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Folic Acid, One of the Only Proven Ways To Prevent Birth Defects, Has A New Advocate

, Friday, January 04, 2013

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Elizabeth Lynch, (914) 997-4286, elynch@marchofdimes.com
Todd Dezen, (914) 997-4608, tdezen@marchofdimes.com

March of Dimes “Healthy Mom, Healthy Baby” Book Offers Scientifically-Based Advice
for Pregnant Women and Tips for New Parents

WHITE PLAINS, N.Y., JAN. 4, 2013 – Taking a daily multivitamin containing the B vitamin folic acid is one of the best ways to prevent birth defects and an important step toward having a healthy baby, yet only about one-third of women know about it.

Taking your folic acid beginning before pregnancy is just one piece of advice found in the new March of Dimes book “Healthy Mom, Healthy Baby: The Ultimate Pregnancy Guide” from Siobhan M. Dolan, M.D., MPH, an obstetrician-gynecologist and clinical geneticist who is a medical adviser to the March of Dimes, and Alice Lesch Kelly.

January 6-12 is national Folic Acid Awareness Week, a time when the March of Dimes reminds all women of child-bearing age of the important role folic acid plays in preventing serious birth defects of the brain and spine known as neural tube defects (NTDs), which include spina bifida and anencephaly. Daily consumption of folic acid beginning before and continuing through the early months of pregnancy is crucial because NTDs occur in the first few weeks following conception, often before a woman knows she is pregnant.

“All women of reproductive age should be taking a multivitamin containing folic acid every day,” advises Dr. Dolan. “It’s such an easy thing to do, and it can have such a major benefit to your future family. About half of pregnancies are unplanned, so take your folic acid daily and be sure to give your baby the healthiest start in life.”

In the book, Dr. Dolan advises taking 400 micrograms of folic acid before conceiving and up to 600 to 800 micrograms after. You can watch a short video of Dr. Dolan talking about her new book and order a copy online at www.marchofdimes.com/healthymombook

Dr. Dolan says that in 1992, the U.S. Public Health Service began recommending that all women capable of having a baby consume at least 400 micrograms of folic acid beginning before pregnancy and continuing throughout to prevent NTDs. Since then, the March of Dimes has worked to spread the word about the importance of folic acid for women of childbearing age, and helped bring about folic acid fortification of the grain and cereal supply. “Since folic acid was added to the grain food supply in 1998, our nation has seen a 26 percent decrease in NTDs,” Dr. Dolan notes.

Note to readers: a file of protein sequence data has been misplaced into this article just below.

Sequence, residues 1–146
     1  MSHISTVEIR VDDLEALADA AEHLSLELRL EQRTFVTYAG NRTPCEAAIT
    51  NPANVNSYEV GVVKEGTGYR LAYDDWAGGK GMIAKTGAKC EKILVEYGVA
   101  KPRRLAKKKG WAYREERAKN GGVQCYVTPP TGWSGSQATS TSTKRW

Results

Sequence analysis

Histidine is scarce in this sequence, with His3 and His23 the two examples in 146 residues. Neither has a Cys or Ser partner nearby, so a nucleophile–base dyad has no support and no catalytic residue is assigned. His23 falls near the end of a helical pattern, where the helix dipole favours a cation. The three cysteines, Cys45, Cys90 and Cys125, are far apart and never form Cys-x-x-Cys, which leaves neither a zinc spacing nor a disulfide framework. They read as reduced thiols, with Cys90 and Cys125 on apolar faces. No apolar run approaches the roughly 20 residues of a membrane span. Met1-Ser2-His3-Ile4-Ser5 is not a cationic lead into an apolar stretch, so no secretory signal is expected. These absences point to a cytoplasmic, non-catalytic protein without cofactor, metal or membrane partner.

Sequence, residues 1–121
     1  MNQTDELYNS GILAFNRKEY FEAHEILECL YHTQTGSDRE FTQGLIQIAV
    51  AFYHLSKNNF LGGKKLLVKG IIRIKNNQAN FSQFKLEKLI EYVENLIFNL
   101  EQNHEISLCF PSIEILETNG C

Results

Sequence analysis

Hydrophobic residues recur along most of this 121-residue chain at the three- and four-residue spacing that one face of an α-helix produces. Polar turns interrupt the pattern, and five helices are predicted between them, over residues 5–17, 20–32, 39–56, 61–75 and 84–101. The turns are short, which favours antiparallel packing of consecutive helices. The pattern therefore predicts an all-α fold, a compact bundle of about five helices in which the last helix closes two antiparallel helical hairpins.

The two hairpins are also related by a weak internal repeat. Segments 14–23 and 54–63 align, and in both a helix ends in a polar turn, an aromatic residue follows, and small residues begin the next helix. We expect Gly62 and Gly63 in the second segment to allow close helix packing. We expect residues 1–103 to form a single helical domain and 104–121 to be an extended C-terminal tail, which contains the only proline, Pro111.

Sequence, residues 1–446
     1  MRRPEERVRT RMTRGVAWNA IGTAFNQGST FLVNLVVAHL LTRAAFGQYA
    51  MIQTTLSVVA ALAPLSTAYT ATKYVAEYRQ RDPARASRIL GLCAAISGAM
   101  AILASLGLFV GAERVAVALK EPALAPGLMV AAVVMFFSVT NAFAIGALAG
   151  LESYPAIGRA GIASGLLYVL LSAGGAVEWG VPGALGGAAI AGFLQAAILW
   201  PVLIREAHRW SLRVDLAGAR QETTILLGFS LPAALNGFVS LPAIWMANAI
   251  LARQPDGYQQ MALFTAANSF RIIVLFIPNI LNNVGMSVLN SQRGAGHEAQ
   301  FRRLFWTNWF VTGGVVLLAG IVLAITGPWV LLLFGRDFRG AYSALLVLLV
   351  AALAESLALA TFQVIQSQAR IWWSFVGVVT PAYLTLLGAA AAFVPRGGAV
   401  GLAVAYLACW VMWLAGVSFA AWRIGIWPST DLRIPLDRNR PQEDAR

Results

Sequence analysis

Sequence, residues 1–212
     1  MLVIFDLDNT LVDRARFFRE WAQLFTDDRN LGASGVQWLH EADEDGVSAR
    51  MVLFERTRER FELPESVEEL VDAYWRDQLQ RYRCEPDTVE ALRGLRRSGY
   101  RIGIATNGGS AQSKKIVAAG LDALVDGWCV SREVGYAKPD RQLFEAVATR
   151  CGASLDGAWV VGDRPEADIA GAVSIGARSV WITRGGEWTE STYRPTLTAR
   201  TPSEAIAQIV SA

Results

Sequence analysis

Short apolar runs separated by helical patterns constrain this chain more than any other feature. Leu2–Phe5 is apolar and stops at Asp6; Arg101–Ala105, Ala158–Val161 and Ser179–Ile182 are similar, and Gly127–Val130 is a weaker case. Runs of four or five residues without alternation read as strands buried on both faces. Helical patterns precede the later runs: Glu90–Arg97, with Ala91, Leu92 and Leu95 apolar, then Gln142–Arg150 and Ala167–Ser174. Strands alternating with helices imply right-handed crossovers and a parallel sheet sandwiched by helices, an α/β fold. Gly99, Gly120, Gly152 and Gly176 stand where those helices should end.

“However, while fortified foods are helpful, a healthy diet alone usually can’t provide enough folic acid for pregnant women, so you need that multivitamin. They’re easy to get over the counter and most brands contain the recommended amount of 400 micrograms.” she says. Dr. Dolan says the March of Dimes and its partners now are petitioning the U.S. Food and Drug Administration to fortify corn masa flour with this important B vitamin because NTDs are more prevalent in the Hispanic population than other racial or ethnic groups.

Hispanic women are about 20 percent more likely to have a child with an NTD than non-Hispanic white women, according to the National Birth Defects Prevention Network. Although the reasons for the disparity is not well understood, Hispanic women have been found to have lower intake of folic acid overall compared to non-Hispanic white women.

The March of Dimes is the leading nonprofit organization for pregnancy and baby health. With chapters nationwide and its premier event, March for Babies®, the March of Dimes works to improve the health of babies by preventing birth defects, premature birth and infant mortality. For the latest resources and information, visit marchofdimes.com or nacersano.org. . Find us on Facebook and follow us on Twitter.

For the latest resources and health information, visit our websites marchofdimes.org and nacersano.org. If you have been affected by prematurity or birth defects, visit our shareyourstory.org community to find comfort and support. For detailed national, state and local perinatal statistics, visit persistats.org. You can also find us on Facebook or follow us on Twitter.

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